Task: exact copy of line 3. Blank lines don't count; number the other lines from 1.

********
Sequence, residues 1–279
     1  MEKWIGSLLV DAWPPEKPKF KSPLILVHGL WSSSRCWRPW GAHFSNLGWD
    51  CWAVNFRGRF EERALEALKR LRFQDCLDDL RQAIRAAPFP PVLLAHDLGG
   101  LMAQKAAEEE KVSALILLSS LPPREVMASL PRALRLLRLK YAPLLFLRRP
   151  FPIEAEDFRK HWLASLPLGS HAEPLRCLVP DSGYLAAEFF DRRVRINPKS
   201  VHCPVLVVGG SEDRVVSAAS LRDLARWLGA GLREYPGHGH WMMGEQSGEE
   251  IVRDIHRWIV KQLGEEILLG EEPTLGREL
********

    51  CWAVNFRGRF EERALEALKR LRFQDCLDDL RQAIRAAPFP PVLLAHDLGG